Greta Van Fleet Turns the Radio Dial to “70s”
I admit that the title of this blog post assumes you get the metaphor of tuning your radio dial. Sorry but it’s hard not to reach for 70s allegories when you are listening to an album so steeped in 70s rock that it almost seems from a different time; There is no way that you don’t hear the 70s in the new Greta Van Fleet album The Battle at Garden’s Gate. Even the title of the album channels 70s prog rock, referencing two Genesis songs, “The Battle of Epping Forest” and a lyric from “I Know What I Like” that uses the phrase “over the garden wall.” This album is a love letter to a time long before the band members were born, as well as many of their fans.
Much has been made of Greta Van Fleet’s tendency to channel Led Zeppelin. While largely unfair, it has been hard not to draw some comparison between Greta Van Fleet’s hard blues rock and Zep. The intricate guitar playing, heavy drumming, and high tenor vocals are similar. There is, however, a difference between homage and imitation. Greta Van Fleet has consistently shown that they are their own band, even as they explore similar territory to Led Zeppelin. This new album, however, veers further away from the Zeppelin sound while diving headfirst into the 70s rock ocean, especially Rush, Triumph, Jimi Hendrix (he made it to the 70s!), southern rock, and even prog rock like King Crimson.
The lead off song, “Heat Above” is a powerful start with Rush-like guitars supporting sweeping vocals that are reminiscent of Mountain’s “Theme from An Imaginary Western.” The choir-like backing vocals and Fender Rhodes organ add to the 70s sound. It’s big, bold, rock that sets the stage for a big album. “My Way Soon” follows with a somewhat different take on classic 70s sounds. The love child of Led Zeppelin, Rush, and Big Star, it mixes classic, wailing, blues rock with power pop influences. This is the type of song that would have thrived on 70s rock radio. Even the short guitar solo screams “Play me in an arena in 1975!”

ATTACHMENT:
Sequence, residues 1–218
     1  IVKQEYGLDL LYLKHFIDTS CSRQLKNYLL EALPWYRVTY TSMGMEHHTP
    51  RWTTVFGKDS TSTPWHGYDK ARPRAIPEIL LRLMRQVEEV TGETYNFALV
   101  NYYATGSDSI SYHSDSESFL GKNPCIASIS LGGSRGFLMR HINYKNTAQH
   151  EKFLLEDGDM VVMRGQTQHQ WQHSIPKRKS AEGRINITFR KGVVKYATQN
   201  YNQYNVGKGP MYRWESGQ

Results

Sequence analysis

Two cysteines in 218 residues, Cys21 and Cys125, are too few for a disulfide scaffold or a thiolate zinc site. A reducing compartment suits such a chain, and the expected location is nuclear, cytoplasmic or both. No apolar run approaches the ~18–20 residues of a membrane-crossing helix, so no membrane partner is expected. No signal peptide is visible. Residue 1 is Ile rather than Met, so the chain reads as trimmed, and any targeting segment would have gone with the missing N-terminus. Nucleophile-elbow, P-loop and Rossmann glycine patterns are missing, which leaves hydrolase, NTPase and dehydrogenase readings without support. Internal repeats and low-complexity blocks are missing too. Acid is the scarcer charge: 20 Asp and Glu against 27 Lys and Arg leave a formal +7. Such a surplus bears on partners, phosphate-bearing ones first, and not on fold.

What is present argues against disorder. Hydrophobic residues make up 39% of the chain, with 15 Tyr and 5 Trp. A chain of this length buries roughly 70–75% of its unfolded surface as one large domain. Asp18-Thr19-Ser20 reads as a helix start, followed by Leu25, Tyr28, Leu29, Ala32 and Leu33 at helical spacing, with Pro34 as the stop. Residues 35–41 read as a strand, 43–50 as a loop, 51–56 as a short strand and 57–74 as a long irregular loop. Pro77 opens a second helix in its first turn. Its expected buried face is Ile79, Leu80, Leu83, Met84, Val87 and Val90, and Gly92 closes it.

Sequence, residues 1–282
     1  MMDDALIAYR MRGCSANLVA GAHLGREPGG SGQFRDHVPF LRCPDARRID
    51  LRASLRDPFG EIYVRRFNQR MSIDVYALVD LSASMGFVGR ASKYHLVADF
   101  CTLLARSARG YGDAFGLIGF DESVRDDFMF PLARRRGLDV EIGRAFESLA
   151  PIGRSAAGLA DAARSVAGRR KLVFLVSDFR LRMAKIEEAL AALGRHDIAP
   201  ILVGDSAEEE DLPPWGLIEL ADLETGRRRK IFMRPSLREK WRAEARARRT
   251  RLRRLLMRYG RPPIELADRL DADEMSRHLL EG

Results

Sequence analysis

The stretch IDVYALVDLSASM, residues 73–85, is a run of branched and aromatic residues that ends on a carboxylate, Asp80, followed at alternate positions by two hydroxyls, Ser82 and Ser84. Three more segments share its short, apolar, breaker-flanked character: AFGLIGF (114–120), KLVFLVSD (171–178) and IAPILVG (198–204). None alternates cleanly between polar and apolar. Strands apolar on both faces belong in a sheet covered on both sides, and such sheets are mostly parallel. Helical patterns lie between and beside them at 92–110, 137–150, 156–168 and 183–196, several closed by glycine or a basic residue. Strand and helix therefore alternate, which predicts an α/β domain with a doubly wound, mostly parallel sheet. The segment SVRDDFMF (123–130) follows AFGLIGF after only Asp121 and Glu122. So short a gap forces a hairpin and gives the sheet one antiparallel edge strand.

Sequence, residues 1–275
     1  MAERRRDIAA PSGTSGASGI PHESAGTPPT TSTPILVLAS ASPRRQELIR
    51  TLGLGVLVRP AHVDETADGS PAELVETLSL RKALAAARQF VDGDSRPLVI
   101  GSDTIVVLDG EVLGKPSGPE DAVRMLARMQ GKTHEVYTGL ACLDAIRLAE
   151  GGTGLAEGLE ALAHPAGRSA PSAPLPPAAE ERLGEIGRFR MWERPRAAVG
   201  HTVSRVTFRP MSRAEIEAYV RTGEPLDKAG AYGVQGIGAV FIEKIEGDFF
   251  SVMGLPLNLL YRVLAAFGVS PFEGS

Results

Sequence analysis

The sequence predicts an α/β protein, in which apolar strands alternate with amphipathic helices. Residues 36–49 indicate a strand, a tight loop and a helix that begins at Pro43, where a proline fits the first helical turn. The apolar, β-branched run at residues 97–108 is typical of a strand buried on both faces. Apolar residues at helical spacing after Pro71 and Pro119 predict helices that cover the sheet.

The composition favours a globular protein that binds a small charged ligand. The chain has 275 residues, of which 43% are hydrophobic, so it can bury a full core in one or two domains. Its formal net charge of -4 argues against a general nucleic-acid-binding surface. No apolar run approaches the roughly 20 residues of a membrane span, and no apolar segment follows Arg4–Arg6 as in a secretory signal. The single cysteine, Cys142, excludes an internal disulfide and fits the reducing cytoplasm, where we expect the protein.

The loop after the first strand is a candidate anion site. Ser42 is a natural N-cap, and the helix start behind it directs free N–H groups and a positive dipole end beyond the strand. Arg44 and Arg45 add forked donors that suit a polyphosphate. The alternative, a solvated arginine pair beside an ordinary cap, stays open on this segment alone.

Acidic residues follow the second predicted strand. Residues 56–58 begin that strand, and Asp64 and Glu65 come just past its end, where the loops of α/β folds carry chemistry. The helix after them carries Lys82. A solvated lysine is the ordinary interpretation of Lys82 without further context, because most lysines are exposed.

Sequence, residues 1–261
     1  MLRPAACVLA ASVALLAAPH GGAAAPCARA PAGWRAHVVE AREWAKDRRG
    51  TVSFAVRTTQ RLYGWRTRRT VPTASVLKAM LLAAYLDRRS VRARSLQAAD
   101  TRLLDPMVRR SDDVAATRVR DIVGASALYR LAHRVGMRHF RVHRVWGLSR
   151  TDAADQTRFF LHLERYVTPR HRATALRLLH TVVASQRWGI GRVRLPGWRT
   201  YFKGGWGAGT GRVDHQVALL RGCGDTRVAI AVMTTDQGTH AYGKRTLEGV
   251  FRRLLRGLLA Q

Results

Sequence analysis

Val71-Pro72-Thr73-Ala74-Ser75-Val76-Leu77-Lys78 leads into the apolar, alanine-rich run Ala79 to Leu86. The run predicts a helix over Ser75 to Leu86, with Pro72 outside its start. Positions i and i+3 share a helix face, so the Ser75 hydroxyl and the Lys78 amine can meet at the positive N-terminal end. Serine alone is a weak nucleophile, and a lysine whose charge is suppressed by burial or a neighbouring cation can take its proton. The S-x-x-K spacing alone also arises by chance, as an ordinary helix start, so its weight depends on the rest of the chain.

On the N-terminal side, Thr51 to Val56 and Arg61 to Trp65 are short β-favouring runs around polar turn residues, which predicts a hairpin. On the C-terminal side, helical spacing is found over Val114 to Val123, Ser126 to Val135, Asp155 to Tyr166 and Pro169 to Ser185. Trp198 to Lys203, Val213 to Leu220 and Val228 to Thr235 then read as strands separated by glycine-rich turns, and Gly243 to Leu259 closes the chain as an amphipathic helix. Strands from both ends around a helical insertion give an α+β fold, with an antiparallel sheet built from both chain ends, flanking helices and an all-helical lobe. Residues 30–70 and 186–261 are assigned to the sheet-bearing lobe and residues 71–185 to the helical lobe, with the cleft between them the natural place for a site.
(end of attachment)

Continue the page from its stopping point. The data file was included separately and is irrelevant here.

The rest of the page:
By this point, the Rush influences are readily apparent, but also Triumph. The jangly guitars and high tenor vocals just call out to those bands, especially in their heyday of their late 70s and early 80s. The third song on the album, “Broken Bells”, returns to Greta Van Fleet’s previous style, this time with a Zeppelinesque ballad. It deploys that slow rise from a quiet minimalist sound to a screaming crescendo, evocative of the Zep classic “Stairway to Heaven.” The band the next song to shift to a more classic blues guitar sound with “Built by Nations.” Unlike “Broken Bells” we hear a sound more like Hendrix… if Hendrix was playing with southern rock guitar gods The Outlaws. These southern rock influences emerge on “Age of Machines” as well, more Molly Hatchet than The Outlaws, but still 70s southern rock. Only this time, the blues guitars are left behind for a subdued jangly sound that somehow pushes the song back into Rush territory. Imagine “Flirting with Disaster” played as Rush’s “2112”. It’s an amazing amalgamation of classic rock sounds that work rather than clash.